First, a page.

Women’s hockey wrap: Aussie influence not restricted to our team

Published 23 August 2016 (AEDT)

RIO DE JANEIRO, BRAZIL - AUGUST 13: The Australian team line up for the anthem before the Women's Pool B match between Australia and Japan on Day 8 of the Rio 2016 Olympic Games at the Olympic Hockey Centre on August 13, 2016 in Rio de Janeiro, Brazil. © 2016 Getty Images

HOCKEY: Either way, an Australian was going to come out on the winning side in the women’s Olympic hockey tournament.

On one side of the contest, Alyson Annan, a legend of the Australian women’s hockey team, the country’s highest ever female goal scorer (166) and twice an Olympic gold medallist (1996, 2000), is now in charge of the Netherlands.

On the other side, Craig Keegan, a Tasmanian who has lived in the UK for more than 20 years, is now serving as senior assistant coach to the Great Britain team.

In what became a wonderful advertisement for the sport, defending champions the Netherlands (world ranking of one) and GB (world ranked 7th) treated the global audience to a feast of goals in a thrilling 3-3 draw that saw the gold medal settled in GB’s – and Keegan’s favour - with a nail-biting shoot-out.

British goalkeeper Maddie Hinch proved yet again why she is considered one of the best in the game, denying the Dutch time and again in the shoot-out, which Hollie Webb ultimately sealed for the Brits. And with it, her country’s first ever Olympic gold medal in women’s hockey.

In a demonstration of just how competitive world hockey is, Great Britain’s win meant that both the women’s and men’s gold medallists (Argentina) came into the tournament ranked a relatively lowly seventh.

Germany, ranked ninth, pulled off another surprise as they clinched the bronze medal with a 2-1 win over Australia’s quarter-final conquerors, New Zealand. It meant a second consecutive Olympic bronze medal defeat for the Kiwis, who missed the medals by one place to GB at the London 2012 Olympic Games.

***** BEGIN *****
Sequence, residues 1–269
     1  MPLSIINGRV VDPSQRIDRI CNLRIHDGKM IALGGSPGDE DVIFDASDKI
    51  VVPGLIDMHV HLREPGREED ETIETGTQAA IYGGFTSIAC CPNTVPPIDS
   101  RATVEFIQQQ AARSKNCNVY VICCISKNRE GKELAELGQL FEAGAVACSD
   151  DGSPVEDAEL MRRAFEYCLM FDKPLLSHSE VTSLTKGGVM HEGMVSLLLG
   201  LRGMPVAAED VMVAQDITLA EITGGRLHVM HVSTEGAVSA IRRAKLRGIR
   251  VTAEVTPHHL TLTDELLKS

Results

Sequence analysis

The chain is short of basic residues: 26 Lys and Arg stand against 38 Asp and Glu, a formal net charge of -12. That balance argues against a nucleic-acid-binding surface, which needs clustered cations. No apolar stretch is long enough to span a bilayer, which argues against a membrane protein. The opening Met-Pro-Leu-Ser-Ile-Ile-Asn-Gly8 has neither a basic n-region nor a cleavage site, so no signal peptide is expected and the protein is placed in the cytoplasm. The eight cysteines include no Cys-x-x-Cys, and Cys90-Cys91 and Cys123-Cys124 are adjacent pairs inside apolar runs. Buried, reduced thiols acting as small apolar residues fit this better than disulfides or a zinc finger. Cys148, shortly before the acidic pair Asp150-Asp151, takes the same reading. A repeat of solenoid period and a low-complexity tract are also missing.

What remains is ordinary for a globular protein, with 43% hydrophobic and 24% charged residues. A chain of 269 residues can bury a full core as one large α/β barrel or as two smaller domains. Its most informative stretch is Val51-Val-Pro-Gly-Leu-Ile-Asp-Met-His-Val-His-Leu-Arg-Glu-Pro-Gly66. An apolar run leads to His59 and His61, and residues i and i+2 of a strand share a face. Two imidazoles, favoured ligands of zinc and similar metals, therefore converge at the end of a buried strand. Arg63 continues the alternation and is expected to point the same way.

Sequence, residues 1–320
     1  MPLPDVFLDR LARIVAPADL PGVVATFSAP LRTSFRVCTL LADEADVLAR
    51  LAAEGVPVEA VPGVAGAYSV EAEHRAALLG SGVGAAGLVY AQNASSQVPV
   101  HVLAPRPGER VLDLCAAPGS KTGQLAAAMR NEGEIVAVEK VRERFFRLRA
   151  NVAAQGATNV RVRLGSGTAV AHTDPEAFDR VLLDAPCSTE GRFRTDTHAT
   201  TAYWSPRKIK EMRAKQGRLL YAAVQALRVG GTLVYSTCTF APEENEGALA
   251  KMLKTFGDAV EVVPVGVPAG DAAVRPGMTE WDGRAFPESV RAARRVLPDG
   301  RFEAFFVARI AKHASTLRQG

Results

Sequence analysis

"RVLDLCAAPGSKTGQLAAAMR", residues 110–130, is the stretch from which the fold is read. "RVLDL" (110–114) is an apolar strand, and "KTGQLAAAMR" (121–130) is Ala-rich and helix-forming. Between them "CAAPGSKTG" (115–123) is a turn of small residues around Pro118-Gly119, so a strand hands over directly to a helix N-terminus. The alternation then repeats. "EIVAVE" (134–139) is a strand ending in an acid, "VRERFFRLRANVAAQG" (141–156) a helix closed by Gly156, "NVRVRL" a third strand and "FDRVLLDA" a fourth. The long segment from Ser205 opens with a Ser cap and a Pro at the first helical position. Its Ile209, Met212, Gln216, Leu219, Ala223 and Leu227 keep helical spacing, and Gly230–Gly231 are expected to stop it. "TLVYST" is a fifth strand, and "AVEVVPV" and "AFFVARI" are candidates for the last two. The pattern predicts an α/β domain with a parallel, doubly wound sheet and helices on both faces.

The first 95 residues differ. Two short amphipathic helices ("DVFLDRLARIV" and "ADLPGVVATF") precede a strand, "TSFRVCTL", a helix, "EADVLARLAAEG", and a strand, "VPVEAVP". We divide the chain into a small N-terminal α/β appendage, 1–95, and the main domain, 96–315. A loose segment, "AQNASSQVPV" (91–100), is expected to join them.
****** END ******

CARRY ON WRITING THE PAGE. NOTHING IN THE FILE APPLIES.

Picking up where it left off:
USA, who started the tournament with four wins from four, ultimately finished fifth – one place higher than Australia. It marked a strong improvement for the Americans who were bottom of the pile, 12th, in London.

Australia’s sixth place finish, courtesy of a quarter-final defeat and finishing behind USA in the pool, was one lower than in London four years ago and will be seen as a disappointment for the World Cup silver medallists and reigning Commonwealth champions.

World number two Argentina, who arrived in Rio as the defending silver medallists, will also be disappointed with their tournament as they finished seventh in the first Olympic Games to be held on the South American continent.

Spain, who received their place in Rio when South Africa declined to send its team, finished eighth, ahead of the Asian trio of China (ninth), Japan (tenth) and Korea (11th).

India, whose women’s team was appearing in the Olympics for the first time in 36 years and only the second time ever, finished 12th.

Keegan and Annan were not the only Australians with a strong interest in Friday’s finale. In a coup for Australian officiating, experienced umpire-turned-video-umpire Lisa Roach and technical official Tammy Standley were both appointed to the gold medal match.

It took the number of Australian officials in the gold medal matches to four, following the appointments of Adam Kearns and Josh Burt to the men’s gold medal game 24 hours earlier.

Women’s hockey tournament, final standings 1. Great Britain (gold) 2. Netherlands (silver) 3. Germany (bronze) 4. New Zealand 5. USA 6. Australia 7. Argentina 8. Spain 9. China 10. Japan 11. Korea 12. India

Lawrence West

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